26 March 2019
Seriously, are these the guys who will bring down the Hong Kong economy? Any discussion about Occupy Central and the student movement should focus on politics, not the economy. Photo: HKEJ
Seriously, are these the guys who will bring down the Hong Kong economy? Any discussion about Occupy Central and the student movement should focus on politics, not the economy. Photo: HKEJ

Tycoon ‘Occupy’ warning: Haven’t we seen this movie before?

Coming off a high-profile visit to Beijing, a group of Hong Kong tycoons are renewing a warning that a planned sit-in protest by Occupy Central could hurt the economy.

We’ve seen this movie before. There are two ways of looking at it:

1) It’s the wrong movie. We don’t know if the sit-in will produce the kind of public impact its organizers hope, let alone the kind of disruption that can upend Hong Kong’s economic infrastructure.

2) It’s the wrong plot. Hong Kong’s economic challenges are less about itself than about China. If the economy were to suffer from any disruption, it’s likely going to be from over-reliance on the mainland economy.

The problem is that some of our politicians and the business elite have already given away the ending. In their minds, Occupy Central and the student movement are to blame if the economy tanks.     

Let’s forget for a while their dire prognostications until we’ve seen the evidence.

Sure, political and economic issues cannot easily be divorced from each other but we can avoid mixing them up in the present situation.

The democracy activists have nothing to do with an influx of mainlanders that has driven up property prices. Neither can they claim credit for revving up tourist-related revenue.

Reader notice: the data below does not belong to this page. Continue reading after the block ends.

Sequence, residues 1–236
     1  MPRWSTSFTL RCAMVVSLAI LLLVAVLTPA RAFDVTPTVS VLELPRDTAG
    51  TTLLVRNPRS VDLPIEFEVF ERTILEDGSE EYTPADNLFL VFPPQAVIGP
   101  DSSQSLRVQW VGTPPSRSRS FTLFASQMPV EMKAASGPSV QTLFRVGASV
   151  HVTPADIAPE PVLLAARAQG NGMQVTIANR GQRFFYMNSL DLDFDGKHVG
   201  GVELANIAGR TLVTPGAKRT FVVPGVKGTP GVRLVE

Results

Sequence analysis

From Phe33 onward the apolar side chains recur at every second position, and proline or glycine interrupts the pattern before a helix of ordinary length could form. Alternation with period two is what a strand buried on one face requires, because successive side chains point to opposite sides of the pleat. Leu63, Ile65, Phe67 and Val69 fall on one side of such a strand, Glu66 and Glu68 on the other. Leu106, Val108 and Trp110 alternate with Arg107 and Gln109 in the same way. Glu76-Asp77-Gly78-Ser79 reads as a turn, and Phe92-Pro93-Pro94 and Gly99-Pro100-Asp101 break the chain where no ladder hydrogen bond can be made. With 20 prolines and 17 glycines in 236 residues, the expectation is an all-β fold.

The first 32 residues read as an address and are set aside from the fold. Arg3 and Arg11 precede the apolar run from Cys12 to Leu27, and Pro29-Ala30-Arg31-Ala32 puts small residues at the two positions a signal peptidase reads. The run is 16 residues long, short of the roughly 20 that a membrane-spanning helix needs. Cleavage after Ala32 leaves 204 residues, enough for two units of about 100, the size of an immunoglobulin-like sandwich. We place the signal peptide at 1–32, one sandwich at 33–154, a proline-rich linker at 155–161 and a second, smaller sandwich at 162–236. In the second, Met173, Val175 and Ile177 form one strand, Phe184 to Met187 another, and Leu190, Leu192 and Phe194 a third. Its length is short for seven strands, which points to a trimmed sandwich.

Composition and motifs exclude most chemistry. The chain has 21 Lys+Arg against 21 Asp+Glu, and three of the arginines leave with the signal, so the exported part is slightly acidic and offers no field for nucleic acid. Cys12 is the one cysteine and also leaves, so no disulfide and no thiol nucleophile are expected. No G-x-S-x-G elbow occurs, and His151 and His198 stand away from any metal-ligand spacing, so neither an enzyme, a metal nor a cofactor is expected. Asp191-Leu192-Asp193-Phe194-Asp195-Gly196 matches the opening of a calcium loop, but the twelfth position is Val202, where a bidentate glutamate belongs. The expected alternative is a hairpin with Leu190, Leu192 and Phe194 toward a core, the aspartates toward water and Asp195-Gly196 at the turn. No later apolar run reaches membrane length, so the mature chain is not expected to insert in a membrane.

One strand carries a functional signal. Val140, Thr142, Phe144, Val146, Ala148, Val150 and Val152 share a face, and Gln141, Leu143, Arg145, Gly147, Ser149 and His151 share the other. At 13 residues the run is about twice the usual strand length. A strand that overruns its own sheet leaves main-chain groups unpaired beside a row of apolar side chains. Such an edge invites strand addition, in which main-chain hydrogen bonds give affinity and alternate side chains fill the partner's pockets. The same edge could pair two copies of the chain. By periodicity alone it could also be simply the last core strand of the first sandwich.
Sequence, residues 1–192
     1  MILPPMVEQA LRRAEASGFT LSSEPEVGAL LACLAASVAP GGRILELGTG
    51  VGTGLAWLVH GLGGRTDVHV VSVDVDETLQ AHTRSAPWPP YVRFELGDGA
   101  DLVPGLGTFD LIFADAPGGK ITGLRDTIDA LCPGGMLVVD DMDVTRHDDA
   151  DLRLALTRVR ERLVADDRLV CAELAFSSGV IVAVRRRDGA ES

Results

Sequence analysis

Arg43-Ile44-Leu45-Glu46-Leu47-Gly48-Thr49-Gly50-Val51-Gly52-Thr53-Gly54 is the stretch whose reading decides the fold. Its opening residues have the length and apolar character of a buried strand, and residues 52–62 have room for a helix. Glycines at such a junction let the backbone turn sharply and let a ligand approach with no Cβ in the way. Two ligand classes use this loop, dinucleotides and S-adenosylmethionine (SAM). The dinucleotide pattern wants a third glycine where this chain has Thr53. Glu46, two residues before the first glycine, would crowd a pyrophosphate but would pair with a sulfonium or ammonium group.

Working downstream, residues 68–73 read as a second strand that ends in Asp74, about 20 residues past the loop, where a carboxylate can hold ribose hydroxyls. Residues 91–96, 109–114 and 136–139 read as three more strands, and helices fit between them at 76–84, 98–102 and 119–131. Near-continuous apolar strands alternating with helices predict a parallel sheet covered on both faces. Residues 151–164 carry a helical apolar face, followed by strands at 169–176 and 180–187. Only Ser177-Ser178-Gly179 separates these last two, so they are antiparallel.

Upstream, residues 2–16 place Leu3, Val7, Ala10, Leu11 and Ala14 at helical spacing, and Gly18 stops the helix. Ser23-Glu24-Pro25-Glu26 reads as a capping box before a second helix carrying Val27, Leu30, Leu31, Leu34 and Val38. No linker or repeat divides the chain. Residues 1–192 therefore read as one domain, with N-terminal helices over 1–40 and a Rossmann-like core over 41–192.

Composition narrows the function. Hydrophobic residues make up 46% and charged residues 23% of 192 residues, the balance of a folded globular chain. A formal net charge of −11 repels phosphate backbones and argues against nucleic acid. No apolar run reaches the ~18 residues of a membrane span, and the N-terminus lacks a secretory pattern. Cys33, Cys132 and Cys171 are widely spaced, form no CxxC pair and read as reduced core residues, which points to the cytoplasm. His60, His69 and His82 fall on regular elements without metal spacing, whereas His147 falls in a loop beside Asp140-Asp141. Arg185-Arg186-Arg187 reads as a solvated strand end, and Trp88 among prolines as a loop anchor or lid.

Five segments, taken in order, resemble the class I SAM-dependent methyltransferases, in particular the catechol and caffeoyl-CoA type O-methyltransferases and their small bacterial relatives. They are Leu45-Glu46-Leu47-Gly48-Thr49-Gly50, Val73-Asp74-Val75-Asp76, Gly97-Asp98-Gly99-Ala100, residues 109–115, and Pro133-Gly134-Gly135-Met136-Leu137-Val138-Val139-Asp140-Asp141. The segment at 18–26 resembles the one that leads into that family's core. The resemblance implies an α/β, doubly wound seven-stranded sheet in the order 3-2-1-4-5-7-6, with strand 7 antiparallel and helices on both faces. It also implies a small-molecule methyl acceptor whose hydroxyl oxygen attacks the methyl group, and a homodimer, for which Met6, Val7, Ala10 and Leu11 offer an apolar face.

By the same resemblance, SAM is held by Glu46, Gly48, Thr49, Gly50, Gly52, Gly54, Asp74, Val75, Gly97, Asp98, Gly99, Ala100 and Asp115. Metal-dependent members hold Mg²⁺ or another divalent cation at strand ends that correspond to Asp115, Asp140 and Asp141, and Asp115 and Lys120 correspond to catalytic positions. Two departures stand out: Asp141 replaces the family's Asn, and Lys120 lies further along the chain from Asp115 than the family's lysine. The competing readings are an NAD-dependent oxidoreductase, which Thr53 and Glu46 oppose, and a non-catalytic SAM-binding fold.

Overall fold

They have no part in the growing gap between rich and poor; they’re not the cause of inflation.

There are many things about the local economy they’re not responsible for, if only we had a whole day to list them down.

Leung Chi-kin, chairman of the Hong Kong Real Estate Developers Association, thinks the protest movement will hit home values.

If he means it will cause property prices to fall, he is ignoring the fact that the government has been trying to rein in the market.

If he means the protest movement will run up home prices, he probably hasn’t heard that interest rates in the United States are going up next year which could trigger adjustments across the board, not least in Hong Kong.

What is being overlooked is that Hong Kong cannot rely on China forever for its economic well-being.

With the mainland economy slowing and credit unpredictably flowing and ebbing, Hong Kong has to get more engaged with the global economy. Its strengths lie in being a world-class financial and services hub.

In the end, full economic integration with the mainland will happen but it will be something for discussion in the future.      

Meanwhile, politics, not the economy, should be the main focus of any debate about Occupy Central and the student movement.

Hong Kong’s democratic development could stall — if not end — in 2017 when a new election framework is implemented that will deny Hong Kong people any chance to elect their own leader not pre-selected by Beijing.

Chief Executive Leung Chun-ying, not the most popular of Hong Kong’s post-colonial leaders, has been accused of promoting the interests of the central government.

Instead of building bridges in Hong Kong’s fractured politics, he seems pre-occupied with building guangxi with mainland authorities.

Occupy Central, the student movement and pro-democracy groups are the ones doing the heavy lifting in trying to keep Hong Kong on track for the remaining 33 years before it fully reverts to Chinese rule.   

Now that’s a good plot for a compelling movie. 

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EJ Insight writer

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